The 38th Central Convention of our Party follows a major political upheaval in the recent federal election, and a new escalation of the global economic crisis which emerged in 2007-08. Initially, the Canadian economy was buffered to some degree by exports of fossil fuels and other natural resources, and because Canada’s megabanks were somewhat less exposed to the collapse in value of leveraged (re-packaged) debt. Now, the dramatic collapse in energy prices and the Canadian dollar are causing new job losses and rapid increases in the cost of imported products. The working class is paying a heavy cost for the turmoil of the capitalist system.
Labour Day 2016 statement from the Central Executive Committee, Communist Party of Canada
Coming almost a year after the defeat of one of the most dangerously reactionary governments in Canadian history, Labour Day 2016 is an important point for the organized trade union movement to respond to challenges facing the working class in the changed political environment – and most importantly, to mobilize against the continued neoliberal austerity policies of governments and corporations.
The Communist Party of Canada today called on Prime Minister Justin Trudeau to intervene with Canada Post CEO Deepak Chopra to restart negotiations and stop the clock on the 72 hour countdown to a lockout initiated by the corporation July 3rd to take effect at 12:01 am Monday.
“Canada Post’s Deepak Chopra’s “my way or the highway” approach to bargaining won’t lead to a collective agreement and will suspend public postal services across Canada, while lining the pockets of Fed-Ex, Purolator, UPS, and other private, for-profit multi-national corporations. These companies are licking their lips at the prospects of a long work stoppage delivered by Pitney Bowes’s ex-boss Deepak Chopra, which begs the question: Whose interests is Chopra working for anyway?” said CPC leader Elizabeth Rowley.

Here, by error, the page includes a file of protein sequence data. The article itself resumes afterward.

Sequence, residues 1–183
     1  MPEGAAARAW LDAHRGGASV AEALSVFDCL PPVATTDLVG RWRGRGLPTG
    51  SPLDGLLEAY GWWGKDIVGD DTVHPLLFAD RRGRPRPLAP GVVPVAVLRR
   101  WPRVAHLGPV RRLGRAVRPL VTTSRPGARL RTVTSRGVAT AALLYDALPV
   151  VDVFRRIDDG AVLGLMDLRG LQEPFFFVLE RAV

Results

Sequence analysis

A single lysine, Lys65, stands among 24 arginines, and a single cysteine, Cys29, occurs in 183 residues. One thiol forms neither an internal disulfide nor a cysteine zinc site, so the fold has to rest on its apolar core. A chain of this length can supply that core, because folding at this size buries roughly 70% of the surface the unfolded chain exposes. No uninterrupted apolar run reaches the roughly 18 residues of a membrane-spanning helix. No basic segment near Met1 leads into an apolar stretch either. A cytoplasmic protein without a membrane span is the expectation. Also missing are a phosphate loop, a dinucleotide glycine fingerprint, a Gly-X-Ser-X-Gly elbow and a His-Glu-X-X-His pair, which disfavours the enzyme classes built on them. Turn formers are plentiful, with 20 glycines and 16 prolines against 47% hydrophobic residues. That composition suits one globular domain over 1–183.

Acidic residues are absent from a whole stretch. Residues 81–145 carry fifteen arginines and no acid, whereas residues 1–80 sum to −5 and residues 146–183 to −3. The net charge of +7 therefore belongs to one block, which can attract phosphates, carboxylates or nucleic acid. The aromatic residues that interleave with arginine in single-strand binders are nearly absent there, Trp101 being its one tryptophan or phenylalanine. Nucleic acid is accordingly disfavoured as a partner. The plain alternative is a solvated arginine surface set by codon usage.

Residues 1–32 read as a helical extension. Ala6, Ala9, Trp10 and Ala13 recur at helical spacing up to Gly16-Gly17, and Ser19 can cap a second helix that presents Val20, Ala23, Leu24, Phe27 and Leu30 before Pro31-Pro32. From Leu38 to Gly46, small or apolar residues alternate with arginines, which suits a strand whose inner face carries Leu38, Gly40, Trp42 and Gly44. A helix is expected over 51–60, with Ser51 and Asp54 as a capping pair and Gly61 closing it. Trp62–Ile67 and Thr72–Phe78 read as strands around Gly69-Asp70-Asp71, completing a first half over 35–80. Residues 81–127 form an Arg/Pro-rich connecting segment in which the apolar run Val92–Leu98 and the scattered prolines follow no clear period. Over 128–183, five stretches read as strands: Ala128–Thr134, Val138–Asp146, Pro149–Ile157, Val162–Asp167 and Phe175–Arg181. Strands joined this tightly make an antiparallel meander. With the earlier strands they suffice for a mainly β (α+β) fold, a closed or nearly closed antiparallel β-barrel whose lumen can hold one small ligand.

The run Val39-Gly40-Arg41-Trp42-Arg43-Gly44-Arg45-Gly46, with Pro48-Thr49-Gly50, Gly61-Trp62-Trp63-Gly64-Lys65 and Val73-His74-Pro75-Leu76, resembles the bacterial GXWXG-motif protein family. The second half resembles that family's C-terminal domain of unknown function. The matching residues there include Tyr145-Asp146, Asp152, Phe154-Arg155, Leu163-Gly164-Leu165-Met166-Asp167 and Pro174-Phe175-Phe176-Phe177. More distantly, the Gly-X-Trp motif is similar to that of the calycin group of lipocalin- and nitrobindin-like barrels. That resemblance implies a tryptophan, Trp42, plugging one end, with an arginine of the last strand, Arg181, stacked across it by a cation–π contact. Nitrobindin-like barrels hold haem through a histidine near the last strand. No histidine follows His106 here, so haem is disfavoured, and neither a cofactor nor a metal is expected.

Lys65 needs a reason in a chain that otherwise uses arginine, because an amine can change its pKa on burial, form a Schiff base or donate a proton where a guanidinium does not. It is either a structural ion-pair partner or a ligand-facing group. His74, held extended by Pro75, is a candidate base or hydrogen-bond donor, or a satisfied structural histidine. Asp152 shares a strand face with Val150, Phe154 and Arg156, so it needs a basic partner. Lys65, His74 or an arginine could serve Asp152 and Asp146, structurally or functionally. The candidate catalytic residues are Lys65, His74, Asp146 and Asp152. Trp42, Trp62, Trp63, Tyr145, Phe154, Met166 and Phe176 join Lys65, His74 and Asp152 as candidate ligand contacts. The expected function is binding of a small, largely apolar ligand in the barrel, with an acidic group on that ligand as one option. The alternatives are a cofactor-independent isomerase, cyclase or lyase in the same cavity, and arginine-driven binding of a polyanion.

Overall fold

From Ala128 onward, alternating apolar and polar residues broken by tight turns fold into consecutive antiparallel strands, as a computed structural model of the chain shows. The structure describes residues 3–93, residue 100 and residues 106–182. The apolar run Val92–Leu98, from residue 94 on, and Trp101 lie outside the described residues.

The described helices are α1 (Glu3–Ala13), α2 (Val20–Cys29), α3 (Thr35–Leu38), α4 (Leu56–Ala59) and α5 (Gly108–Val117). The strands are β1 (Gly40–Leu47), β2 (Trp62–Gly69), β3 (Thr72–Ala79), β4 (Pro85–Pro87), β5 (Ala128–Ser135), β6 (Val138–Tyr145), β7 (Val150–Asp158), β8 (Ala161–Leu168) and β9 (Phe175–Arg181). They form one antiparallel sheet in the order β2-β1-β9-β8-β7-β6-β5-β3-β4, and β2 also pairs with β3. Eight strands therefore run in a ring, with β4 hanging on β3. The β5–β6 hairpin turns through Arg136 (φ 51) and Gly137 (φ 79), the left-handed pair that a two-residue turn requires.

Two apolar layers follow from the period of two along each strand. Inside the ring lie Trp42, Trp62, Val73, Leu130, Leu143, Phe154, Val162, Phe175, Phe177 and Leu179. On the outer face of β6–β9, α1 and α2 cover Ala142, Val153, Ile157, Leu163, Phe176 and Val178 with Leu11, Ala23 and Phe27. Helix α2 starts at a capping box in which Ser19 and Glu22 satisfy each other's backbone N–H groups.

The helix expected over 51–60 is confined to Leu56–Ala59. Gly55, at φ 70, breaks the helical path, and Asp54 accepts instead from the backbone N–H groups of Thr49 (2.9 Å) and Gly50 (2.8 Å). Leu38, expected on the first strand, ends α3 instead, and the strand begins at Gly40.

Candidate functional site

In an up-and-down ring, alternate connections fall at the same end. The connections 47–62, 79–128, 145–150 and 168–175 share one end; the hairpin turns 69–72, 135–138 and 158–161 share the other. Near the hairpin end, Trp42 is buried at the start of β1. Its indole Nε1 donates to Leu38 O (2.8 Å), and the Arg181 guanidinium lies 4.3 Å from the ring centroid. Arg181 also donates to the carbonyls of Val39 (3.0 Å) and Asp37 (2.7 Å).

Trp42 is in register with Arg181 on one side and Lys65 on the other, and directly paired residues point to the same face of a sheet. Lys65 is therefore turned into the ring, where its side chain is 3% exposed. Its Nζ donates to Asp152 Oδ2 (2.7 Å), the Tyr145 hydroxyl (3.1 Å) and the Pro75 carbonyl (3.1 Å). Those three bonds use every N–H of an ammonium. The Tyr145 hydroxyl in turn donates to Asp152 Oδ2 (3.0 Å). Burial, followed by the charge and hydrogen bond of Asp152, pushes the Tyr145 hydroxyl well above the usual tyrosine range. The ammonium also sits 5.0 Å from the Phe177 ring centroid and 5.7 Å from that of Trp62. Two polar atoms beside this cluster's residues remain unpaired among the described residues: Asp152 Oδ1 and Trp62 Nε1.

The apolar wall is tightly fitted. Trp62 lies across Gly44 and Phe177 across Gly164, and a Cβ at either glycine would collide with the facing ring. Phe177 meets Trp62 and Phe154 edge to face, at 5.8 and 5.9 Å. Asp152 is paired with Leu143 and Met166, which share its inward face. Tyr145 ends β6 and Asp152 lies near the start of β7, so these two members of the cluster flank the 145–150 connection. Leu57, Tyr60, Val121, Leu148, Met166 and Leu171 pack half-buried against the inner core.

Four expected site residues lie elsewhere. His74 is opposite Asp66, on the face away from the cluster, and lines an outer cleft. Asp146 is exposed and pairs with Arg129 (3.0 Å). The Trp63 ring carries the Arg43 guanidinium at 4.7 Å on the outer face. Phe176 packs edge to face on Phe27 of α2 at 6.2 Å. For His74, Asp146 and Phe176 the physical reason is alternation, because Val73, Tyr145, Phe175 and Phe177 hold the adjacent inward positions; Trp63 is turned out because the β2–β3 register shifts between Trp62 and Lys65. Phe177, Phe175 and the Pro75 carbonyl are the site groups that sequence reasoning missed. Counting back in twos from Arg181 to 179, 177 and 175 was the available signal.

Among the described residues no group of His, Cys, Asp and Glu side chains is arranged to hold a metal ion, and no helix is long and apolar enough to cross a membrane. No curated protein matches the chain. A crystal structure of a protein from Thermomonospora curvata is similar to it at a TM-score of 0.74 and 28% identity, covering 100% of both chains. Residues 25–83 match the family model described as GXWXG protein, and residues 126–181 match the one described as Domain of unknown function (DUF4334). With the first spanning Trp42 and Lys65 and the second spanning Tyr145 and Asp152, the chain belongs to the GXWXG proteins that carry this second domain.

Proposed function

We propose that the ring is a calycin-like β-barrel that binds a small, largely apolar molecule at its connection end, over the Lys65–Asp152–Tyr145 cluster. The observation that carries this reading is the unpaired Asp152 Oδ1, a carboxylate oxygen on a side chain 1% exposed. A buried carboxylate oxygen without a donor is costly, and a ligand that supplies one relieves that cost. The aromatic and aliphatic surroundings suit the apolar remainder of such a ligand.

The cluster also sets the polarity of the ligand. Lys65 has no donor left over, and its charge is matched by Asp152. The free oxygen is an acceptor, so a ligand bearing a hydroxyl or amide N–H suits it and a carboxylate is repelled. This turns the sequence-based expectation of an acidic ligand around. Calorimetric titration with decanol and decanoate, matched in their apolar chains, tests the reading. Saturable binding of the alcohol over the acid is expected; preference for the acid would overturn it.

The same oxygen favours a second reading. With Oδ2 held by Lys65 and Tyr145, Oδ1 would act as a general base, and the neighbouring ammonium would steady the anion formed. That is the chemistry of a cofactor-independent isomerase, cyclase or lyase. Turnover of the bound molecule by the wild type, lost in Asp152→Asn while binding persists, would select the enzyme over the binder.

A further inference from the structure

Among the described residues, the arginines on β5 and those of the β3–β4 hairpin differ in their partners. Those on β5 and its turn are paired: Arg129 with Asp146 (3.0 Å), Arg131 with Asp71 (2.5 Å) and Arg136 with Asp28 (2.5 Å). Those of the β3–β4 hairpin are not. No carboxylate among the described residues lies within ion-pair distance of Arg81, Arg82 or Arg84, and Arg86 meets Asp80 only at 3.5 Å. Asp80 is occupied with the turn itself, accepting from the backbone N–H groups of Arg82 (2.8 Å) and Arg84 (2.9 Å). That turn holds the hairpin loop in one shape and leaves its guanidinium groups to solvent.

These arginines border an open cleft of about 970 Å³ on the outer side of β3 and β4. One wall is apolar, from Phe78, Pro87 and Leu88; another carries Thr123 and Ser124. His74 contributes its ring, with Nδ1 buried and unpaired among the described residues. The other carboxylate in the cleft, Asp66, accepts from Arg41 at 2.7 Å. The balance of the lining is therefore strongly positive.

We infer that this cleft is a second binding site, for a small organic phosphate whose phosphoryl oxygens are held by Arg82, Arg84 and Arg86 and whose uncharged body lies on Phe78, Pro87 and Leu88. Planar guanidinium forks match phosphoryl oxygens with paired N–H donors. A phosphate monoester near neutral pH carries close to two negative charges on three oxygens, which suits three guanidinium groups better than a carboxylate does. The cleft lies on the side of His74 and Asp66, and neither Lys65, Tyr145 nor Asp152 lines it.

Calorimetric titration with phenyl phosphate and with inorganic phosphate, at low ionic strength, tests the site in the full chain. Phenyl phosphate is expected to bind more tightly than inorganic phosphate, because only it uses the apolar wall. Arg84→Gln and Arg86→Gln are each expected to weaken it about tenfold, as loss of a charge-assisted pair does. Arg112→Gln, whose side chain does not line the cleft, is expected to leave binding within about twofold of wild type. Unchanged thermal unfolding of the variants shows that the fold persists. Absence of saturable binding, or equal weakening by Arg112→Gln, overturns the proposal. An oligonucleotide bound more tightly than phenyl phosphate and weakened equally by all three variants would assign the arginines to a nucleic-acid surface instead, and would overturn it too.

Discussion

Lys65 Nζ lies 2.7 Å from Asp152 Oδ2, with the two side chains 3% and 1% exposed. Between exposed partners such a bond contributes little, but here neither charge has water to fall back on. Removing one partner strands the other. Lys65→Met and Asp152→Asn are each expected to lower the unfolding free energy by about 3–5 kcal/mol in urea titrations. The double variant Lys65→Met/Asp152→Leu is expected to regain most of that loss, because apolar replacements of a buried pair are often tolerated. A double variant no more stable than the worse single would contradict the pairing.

“Canada Post’s demands for massive concessions on the defined benefit pension plan, including the introduction of an inferior defined contribution plan for new hires that will eliminate any kind of pension security for the youngest workers, is a declaration of war. It will lead to the elimination of defined benefit pensions for all postal workers, likely sooner than later, as workers in the private sector have found out after hard struggles with employers to stop the theft of their DB pensions.
The 2016 federal budget proposes to make good on the slew of Liberal election promises that resulted in a Liberal majority last fall. Fed up with the Tories, Canadians chose the Liberals as the preferred vehicle to drive the Tories out and move the country away from a decade of austerity, war and corruption, to the ‘sunny ways’ agenda of promised jobs, prosperity, democracy, and action on climate change.
Commentary by Darrell Rankin, leader of the CPC Manitoba
Manitobans will go to the polls on April 19 at a time of growing uncertainty and widespread impoverishment of workers.
Polls show that the New Democratic Party government is unpopular, in third place after the Tories and Liberals. The reason is not so hard to find. Working people have endured a slow decline in their prospects. The last election took place in 2011, soon after the 2008 economic crisis. Four years later, workers are less hopeful about a recovery, finding a good job, or retiring in dignity. Working people do not want more of the same. But the three main parties all uphold the interests of big business. They rely on more of the same. These parties emphasize different aspects of neoliberal economic orthodoxy designed to protect corporate profits, such as the size of government, tax policy, and balancing the budget.
The Trans-Pacific Partnership (TPP) was signed in early February by 12 countries, including Canada. Negotiated behind closed doors, this deal will guarantee the “right” of investors, at the expense of working people. Politicians and the corporate media claim that trade deals “create jobs” and boost tax revenues. But under capitalism, corporations (both Canadian-based and foreign-owned) boost profits by slashing employment, avoiding environmental oversight, and demanding lower taxes. The TPP requires ratification by the legislatures of all the signing countries. Mobilize now: tell Parliament to reject the TPP!